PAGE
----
<a href="http://en.wikipedia.org/wiki/Thomas_Mulcair" target="_hplink">Mulcair was Minister of Sustainable Development, Environment and Parks</a> in Jean Charest's Liberal government in Quebec. He served in the role from 2003-2006. (CP)
Mulcair married Catherine Pinhas in 1976. She was born in France to a Turkish family of Sephardic Jewish descent. <a href="http://www.thestar.com/news/canada/politics/article/1158289--thomas-mulcair-s-wife-catherine-a-psychologist-and-political-confidante?bn=1" target="_hplink">Mulcair has French citizenship through his marriage</a>, as do the couple's two sons. (KENZO TRIBOUILLARD/AFP/Getty Images)
<a href="http://en.wikipedia.org/wiki/Thomas_Mulcair" target="_hplink">Mulcair left Charest's Liberal government in Quebec </a>after he was offered the position of Minister of Government Services in 2006, an apparent demotion from Minister of the Environment. Mulcair has said his ouster was related to his opposition to a government plan to transfer land in the Mont Orford provincial park to condo developers. (CP)
Mulcair's great-great-grandfather on his mother's side was <a href="http://en.wikipedia.org/wiki/Honor%C3%A9_Mercier" target="_hplink">Honoré Mercier, the ninth premier of Quebec</a>. (Public Domain/Bibliothèque et Archives nationales du Québec)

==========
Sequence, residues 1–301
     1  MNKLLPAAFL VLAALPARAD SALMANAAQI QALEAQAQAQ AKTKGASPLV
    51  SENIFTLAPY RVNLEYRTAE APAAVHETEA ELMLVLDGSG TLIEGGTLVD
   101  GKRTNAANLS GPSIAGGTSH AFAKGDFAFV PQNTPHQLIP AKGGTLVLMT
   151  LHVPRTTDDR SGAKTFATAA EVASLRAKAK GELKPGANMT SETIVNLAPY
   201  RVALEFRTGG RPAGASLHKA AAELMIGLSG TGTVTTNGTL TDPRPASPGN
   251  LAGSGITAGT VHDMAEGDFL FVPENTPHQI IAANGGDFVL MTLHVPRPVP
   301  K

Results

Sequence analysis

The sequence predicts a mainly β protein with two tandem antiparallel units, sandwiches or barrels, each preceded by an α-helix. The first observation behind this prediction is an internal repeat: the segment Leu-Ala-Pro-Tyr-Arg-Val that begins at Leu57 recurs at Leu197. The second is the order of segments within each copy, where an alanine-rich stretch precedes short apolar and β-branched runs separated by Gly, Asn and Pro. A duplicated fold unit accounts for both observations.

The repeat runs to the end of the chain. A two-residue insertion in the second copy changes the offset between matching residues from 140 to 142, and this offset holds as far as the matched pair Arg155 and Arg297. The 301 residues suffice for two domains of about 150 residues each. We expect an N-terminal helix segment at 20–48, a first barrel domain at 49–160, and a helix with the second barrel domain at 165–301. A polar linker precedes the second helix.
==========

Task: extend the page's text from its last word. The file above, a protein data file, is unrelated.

<a href="http://en.wikipedia.org/wiki/Thomas_Mulcair" target="_hplink">Mulcair was the first New Democrat to win a riding in Quebec during a federal election</a>. He held the riding of Outremont during the 2008 election after first winning the seat in a 2007 by-election. Phil Edmonston was the first New Democrat to win a seat in Quebec, but his win came in a 1990 by-election. Robert Toupin was the very first to bring a Quebec seat to the NDP, but he did it in 1986 by crossing the floor. (Alamy)
<a href="http://en.wikipedia.org/wiki/Thomas_Mulcair" target="_hplink">Mulcair's father Harry Donnelly Mulcair was Irish-Canadian</a> and his mother Jeanne French-Canadian. His father spoke to him in English and his mother in French -- explaining his fluency in both official languages. (Photo by Spencer Platt/Getty Images)
Muclair has voted in past French elections, but says that now that he is leader of the Official Opposition <a href="http://www.thestar.com/news/canada/politics/article/1157191" target="_hplink">he will not take part in the upcoming French presidential vote</a>. (Thinkstock)
<a href="http://www.thestar.com/news/canada/politics/article/1158289--thomas-mulcair-s-wife-catherine-a-psychologist-and-political-confidante?bn=1" target="_hplink">Mulcair met his future wife at a wedding when they were both teenagers</a>. Catherine was visiting from France. They married two years later when they were both 21. (CP)
<a href="http://www2.macleans.ca/2012/03/16/thomas-mulcair-is-mr-angry/" target="_hplink">Mulcair was given the moniker in a Maclean's headline</a>, but the new leader of the NDP has long been known for his short fuse. In 2005, he was fined $95,000 for defamatory comments he made about former PQ minister Yves Duhaime on TV. The comments included French vulgarity and an accusation that alleged influence peddling would land Duhaime in prison.